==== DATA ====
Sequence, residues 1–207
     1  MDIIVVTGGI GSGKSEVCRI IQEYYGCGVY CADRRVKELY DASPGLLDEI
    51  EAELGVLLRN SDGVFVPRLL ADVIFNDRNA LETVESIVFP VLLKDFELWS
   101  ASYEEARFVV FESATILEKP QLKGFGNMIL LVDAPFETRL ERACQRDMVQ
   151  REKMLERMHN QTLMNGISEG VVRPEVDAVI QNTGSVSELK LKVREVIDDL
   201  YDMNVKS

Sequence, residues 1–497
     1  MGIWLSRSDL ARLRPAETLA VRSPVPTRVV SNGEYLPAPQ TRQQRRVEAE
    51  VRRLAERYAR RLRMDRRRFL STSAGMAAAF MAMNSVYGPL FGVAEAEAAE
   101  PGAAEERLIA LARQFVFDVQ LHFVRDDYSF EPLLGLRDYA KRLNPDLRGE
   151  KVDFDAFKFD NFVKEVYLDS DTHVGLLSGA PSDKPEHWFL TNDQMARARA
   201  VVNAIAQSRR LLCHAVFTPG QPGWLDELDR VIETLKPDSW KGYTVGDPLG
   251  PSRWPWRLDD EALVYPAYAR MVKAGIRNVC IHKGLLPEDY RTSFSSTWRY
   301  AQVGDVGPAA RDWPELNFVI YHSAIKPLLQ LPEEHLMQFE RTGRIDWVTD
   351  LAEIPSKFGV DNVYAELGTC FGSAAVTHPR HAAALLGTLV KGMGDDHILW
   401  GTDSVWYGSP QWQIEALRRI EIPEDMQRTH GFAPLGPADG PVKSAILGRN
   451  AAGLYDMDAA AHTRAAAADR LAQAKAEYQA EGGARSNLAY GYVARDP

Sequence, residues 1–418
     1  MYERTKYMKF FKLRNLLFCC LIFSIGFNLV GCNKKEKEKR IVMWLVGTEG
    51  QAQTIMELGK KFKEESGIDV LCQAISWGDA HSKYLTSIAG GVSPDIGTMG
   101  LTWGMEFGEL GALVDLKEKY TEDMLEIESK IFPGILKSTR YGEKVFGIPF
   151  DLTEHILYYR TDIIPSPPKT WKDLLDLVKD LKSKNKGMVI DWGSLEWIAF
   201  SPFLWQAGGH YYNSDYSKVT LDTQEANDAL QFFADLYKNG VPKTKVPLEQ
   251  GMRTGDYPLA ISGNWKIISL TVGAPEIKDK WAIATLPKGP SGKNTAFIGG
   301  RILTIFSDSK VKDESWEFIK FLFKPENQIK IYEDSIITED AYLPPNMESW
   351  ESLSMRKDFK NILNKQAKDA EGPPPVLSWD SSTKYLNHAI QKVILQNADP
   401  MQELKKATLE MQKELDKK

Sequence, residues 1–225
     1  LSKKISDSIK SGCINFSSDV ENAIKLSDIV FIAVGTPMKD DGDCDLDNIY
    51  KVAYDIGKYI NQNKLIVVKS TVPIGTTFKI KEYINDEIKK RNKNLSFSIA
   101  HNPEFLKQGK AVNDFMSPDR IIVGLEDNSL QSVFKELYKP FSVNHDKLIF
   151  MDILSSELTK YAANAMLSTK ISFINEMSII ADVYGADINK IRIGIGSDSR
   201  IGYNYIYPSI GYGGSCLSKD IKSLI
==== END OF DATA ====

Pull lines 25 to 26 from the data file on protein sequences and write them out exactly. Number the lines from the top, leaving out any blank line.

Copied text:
   301  RILTIFSDSK VKDESWEFIK FLFKPENQIK IYEDSIITED AYLPPNMESW
   351  ESLSMRKDFK NILNKQAKDA EGPPPVLSWD SSTKYLNHAI QKVILQNADP